[Skip to Content]
Access to paid content on this site is currently suspended due to excessive activity being detected from your IP address 54.159.239.251. Please contact the publisher to request reinstatement.
[Skip to Content Landing]
Article
April 17, 1967

Surgery of the Ambulatory Patient

Author Affiliations

Gainesville, Fla

 

by L. Kraeer Ferguson, with a section on fractures by Louis Kaplan, ed 4; 807 pp, 700 illus, $17, Philadelphia: J. B. Lippincott, Co., 1966.

JAMA. 1967;200(3):266. doi:10.1001/jama.1967.03120160132046

This article is only available in the PDF format. Download the PDF to view the article, as well as its associated figures and tables.

Abstract

House officers, when they conclude their residencies, have competence to manage the severe or mortal illnesses, but few have the breadth of experience to manage many of the minor ills and injuries that often cause discomfort or disfigurement. In such a void, one may well take counsel in the fourth edition of Dr. Ferguson's well-established text.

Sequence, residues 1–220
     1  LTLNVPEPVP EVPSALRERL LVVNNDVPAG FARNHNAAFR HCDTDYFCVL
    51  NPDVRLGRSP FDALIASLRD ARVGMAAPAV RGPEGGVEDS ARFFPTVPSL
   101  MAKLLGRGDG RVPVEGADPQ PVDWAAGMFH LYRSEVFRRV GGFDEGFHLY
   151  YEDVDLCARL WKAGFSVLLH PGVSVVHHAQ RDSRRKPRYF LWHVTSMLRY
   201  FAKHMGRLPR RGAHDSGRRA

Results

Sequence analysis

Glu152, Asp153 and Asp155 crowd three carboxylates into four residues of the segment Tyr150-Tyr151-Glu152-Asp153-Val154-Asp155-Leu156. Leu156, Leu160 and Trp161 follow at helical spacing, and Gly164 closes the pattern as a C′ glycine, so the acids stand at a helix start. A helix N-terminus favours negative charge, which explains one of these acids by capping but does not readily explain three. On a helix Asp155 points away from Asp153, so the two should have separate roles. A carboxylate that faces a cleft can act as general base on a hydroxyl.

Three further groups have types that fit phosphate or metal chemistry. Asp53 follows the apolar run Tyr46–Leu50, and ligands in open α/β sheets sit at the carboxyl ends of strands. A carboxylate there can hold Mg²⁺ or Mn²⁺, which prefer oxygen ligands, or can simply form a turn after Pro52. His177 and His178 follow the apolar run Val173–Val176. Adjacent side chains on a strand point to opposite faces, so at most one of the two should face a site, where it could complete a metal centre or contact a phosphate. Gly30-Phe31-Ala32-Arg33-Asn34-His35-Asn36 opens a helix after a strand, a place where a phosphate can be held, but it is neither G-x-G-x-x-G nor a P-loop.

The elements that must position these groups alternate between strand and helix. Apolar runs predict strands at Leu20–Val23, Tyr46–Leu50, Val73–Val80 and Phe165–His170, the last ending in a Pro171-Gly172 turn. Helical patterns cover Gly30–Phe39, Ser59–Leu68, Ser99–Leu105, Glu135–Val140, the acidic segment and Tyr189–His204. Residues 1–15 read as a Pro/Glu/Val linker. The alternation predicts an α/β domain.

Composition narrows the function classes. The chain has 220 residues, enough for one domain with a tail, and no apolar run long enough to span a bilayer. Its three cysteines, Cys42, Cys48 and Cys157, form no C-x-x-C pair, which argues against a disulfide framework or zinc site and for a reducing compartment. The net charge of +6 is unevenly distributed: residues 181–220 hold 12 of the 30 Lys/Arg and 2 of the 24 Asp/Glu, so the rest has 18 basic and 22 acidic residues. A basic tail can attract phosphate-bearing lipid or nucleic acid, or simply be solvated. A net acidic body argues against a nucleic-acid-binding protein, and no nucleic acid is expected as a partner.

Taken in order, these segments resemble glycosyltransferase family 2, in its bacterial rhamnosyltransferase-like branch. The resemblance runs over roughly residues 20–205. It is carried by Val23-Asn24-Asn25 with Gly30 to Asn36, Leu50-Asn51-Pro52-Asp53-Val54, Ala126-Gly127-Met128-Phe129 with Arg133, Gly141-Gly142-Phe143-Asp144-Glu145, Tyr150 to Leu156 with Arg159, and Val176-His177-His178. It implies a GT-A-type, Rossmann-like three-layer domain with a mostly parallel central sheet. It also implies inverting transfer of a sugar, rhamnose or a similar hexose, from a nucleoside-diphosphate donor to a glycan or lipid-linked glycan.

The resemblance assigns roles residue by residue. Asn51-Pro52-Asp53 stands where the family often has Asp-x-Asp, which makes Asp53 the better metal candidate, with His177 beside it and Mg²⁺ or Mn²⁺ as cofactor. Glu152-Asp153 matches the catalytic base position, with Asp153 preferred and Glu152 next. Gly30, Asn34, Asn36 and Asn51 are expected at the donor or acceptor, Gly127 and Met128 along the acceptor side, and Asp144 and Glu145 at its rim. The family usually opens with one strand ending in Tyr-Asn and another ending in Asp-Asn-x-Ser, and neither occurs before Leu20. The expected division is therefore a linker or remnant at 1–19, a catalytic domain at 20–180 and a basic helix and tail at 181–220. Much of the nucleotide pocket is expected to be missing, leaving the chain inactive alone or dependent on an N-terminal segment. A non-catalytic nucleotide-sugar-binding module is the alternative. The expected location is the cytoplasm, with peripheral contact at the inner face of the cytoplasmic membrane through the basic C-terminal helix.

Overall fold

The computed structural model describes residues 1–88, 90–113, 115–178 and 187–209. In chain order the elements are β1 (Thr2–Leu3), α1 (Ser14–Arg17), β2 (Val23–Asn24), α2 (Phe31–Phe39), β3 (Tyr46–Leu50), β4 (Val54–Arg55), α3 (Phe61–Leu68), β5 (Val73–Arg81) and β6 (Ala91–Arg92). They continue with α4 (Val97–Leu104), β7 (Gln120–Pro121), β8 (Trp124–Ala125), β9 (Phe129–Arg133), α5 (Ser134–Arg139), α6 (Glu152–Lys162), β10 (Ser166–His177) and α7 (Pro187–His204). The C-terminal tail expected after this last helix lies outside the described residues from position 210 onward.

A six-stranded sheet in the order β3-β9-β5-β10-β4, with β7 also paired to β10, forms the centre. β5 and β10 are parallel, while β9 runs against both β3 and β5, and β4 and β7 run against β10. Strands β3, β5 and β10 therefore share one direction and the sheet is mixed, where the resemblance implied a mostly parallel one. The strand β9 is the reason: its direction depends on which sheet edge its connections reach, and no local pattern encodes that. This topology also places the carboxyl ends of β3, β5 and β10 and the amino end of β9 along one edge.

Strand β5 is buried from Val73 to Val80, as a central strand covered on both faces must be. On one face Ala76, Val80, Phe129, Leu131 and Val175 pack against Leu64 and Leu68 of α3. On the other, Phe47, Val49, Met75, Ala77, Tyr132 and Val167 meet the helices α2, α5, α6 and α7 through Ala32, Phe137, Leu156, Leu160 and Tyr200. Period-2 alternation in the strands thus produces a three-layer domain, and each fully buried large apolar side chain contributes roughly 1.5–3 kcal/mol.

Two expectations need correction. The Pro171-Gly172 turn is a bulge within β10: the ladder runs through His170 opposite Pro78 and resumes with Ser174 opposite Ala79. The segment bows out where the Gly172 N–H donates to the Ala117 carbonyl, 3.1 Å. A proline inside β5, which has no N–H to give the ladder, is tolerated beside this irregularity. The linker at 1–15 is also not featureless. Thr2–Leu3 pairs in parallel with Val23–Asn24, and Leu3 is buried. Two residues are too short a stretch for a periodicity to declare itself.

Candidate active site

With little emphasis on widesweeping principles of surgery, specific courses of therapy are described for specific maladies. The scope of description is sufficiently wide to include the overwhelming majority of surgical problems that can be dealt with in the office or emergency room. Few subjects are dealt with to any great depth, and alternate modes of therapy are noted with brevity. Selection is based on the author's preference, and some forms of treatment will be unfamiliar to younger generations, as in the varied uses of sclerosing solutions.

The book, well and clearly written, is

×